The timing of today’s question for Dr. Vikki Petersen is absolutely perfect, especially since I just published a rather comprehensive post discussing the test (and our results) that Dr. Vikki speaks of below, Cyrex Labs Array 4: Gluten Associated Cross-Reactive Foods.
To keep it very brief, I am wondering who you recommend for testing additional foods someone may be reacting to besides gluten.
I will take your question in two parts:
1. In our office we use something called a modified elimination diet to identify foods that people are reacting to. While gluten and dairy products are the most common, there are certainly others. We prefer this means of testing as blood tests will give many false positives in the presence of a leaky gut and scratch tests are useless for food reactions.
2. We also utilize an excellent test for identifying cross reactive foods. These are foods that your body reacts to in the same fashion as it reacts to gluten due to mistakenly identifying the protein in the non-glutinous food as that of gluten. Such foods include dairy products and grains mostly.
I know Heidi has my YouTube video posted on her site (click here) about #2 above as well as some data about the modified elimination diet (see below). You can also visit my website at: www.healthnowmedical.com.
Both of these areas are very important to identify in order to regain optimal health after discovering a gluten intolerance.
I hope this was helpful. Please do feel free to write back with any further questions or contact the clinic directly for information on our destination clinic.
To your good health,
Dr Vikki Petersen
You can see Dr. Vikki’s video on gluten associated cross-reactive foods in this post.
In the following video, Dr. Vikki discusses why she does not use blood tests for IgG food sensitivities (like the ALCAT):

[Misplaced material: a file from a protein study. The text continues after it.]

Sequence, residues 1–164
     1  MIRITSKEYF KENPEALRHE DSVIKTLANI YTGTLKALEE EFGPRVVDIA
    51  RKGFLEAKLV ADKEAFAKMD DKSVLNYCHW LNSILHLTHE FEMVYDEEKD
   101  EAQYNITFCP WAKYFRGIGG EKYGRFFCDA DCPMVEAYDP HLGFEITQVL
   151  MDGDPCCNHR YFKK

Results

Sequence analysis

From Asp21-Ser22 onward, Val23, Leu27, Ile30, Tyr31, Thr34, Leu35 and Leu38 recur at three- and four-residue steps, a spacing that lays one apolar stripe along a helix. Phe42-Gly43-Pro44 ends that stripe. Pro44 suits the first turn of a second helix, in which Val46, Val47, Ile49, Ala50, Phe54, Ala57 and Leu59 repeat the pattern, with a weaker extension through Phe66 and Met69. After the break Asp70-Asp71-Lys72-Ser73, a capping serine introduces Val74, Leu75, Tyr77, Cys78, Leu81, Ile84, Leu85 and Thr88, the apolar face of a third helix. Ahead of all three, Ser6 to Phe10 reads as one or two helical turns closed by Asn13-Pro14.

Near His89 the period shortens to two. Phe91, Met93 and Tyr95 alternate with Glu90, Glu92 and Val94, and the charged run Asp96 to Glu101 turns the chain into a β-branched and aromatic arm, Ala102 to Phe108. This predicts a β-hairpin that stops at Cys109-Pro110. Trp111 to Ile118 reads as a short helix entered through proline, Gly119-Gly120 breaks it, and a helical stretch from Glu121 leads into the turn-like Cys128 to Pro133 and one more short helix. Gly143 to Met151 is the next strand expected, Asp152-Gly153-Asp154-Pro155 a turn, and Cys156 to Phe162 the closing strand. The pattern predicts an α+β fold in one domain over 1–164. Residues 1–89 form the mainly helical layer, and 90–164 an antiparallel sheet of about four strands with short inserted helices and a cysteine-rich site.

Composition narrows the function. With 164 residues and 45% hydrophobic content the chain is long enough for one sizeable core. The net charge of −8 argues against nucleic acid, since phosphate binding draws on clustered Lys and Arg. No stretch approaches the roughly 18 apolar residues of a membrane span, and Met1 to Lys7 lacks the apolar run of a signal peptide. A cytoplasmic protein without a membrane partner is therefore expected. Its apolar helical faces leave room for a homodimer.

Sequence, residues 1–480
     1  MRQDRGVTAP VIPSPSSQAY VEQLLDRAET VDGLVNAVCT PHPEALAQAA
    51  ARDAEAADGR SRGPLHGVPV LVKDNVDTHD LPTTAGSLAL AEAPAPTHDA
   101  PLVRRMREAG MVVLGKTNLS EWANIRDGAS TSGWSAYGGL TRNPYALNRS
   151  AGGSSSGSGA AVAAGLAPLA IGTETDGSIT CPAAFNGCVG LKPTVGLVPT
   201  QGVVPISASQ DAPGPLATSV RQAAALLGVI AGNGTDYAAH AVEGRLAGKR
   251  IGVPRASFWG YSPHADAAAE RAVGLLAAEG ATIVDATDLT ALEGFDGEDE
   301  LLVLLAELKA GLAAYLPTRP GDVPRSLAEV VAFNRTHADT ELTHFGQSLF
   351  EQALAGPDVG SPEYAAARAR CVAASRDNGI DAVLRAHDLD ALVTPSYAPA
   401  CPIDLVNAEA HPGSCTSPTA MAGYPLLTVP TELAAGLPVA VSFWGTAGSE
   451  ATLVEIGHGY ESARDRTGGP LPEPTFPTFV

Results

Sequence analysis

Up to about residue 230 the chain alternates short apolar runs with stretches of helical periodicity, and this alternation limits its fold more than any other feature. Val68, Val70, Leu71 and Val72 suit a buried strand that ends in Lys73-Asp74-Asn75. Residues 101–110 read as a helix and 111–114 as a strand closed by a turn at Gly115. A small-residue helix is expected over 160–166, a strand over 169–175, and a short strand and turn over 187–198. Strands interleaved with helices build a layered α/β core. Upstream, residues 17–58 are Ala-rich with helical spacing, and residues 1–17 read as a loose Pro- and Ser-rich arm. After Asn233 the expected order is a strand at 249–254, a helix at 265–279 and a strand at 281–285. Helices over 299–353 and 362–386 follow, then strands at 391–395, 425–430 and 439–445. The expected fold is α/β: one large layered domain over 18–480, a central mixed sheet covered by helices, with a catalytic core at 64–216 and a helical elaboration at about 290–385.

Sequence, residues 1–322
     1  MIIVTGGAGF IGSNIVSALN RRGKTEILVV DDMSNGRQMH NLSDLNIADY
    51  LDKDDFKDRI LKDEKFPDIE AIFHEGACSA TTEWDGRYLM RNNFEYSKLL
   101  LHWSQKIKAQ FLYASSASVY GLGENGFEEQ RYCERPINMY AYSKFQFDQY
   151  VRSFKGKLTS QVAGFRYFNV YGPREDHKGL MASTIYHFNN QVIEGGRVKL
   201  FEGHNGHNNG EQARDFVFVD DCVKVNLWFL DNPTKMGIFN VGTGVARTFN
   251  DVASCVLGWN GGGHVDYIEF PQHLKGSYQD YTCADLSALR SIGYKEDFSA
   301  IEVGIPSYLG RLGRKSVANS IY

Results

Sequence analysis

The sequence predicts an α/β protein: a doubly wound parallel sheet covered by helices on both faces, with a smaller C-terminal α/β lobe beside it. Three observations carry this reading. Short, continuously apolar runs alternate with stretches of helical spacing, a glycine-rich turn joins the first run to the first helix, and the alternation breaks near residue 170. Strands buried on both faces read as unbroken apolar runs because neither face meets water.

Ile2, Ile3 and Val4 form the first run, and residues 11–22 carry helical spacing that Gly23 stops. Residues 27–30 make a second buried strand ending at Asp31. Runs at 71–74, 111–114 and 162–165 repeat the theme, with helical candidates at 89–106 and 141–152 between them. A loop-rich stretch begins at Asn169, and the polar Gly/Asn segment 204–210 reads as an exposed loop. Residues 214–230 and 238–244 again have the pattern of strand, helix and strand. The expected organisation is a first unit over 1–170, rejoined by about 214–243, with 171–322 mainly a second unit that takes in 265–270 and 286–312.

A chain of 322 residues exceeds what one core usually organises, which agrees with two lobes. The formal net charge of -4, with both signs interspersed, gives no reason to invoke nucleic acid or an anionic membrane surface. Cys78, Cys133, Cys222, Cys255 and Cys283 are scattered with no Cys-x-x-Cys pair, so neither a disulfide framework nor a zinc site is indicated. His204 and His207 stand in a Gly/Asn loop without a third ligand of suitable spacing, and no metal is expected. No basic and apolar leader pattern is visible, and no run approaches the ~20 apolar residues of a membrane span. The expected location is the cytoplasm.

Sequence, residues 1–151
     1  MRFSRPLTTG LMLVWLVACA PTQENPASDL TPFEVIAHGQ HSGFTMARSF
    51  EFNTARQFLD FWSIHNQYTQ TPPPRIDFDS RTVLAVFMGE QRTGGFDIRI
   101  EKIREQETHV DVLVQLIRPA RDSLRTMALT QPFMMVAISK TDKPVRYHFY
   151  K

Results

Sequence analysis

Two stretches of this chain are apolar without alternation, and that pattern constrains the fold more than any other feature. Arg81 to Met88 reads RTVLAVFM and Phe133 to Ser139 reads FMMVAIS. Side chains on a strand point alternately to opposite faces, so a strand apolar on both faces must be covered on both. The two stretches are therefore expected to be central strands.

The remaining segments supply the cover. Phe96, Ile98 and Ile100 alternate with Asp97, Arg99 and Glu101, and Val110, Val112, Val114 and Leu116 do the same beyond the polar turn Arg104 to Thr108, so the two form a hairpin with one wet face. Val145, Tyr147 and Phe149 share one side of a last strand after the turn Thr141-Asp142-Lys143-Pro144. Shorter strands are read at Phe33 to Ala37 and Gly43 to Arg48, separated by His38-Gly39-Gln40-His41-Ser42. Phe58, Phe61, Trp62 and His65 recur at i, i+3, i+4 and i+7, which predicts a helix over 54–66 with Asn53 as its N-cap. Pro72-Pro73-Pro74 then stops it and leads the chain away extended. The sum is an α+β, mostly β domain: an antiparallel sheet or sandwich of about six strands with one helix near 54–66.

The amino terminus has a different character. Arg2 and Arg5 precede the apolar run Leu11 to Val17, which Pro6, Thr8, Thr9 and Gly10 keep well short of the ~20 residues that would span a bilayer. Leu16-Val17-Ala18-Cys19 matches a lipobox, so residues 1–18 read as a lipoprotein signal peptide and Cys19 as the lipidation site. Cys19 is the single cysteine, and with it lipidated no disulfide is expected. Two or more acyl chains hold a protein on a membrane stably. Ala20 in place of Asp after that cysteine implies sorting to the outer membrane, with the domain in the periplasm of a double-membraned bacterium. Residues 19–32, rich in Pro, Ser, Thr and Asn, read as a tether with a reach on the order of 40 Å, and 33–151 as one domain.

The Modified Elimination Diet
Ahhh, the modified elimination diet (MED for short). Oh how I loved thee (not). Actually, hind site being what it is, the MED is really not that bad, especially after having spent the past 5 months off of all the gluten associated cross-reactive foods I tested positive for on Array 4 from Cyrex Labs. The hardest part of the MED for me was not being able to have vinegar and citrus, which meant condiments were very hard to come by (I did manage to make one though, a creamy garlic sauce that I used in this chicken salad recipe). Looking back at when we began the MED in January, I have to chuckle recalling how I felt, “Oh. my. gosh. There is NOTHING LEFT TO EAT!“
Can you remember the last time you felt that way? Was it perhaps when you began the gluten-free diet?
I felt that way too when I was diagnosed with celiac in 2005, I think everyone does to some degree. There is definitely an adjustment phase (and this can last much longer for some than it does for others) as one has to basically begin looking at life in a completely different way. Everything you have ever come to know about food (and the emotional attachments that come with it) gets turned upside down. I had an exceptionally difficult time and I will share more about that component of healing in a future post (it is an extremely important topic that isn’t discussed nearly as much as it should be), but know this: not only did I eventually pull myself out of the depths of despair, I did a complete 180 in the attitude department.
And not only did I embrace the gluten-free lifestyle (I never use the words gluten-free diet in my real life because I am not on a short-term weight loss plan, this is just how I eat), but as I gained more knowledge on health and nutrition, my driven determination to get healthy went into hyper overdrive. While I have learned a lot of technical medical information over the past 18 months, none of it compares to what I learned about myself on the MED.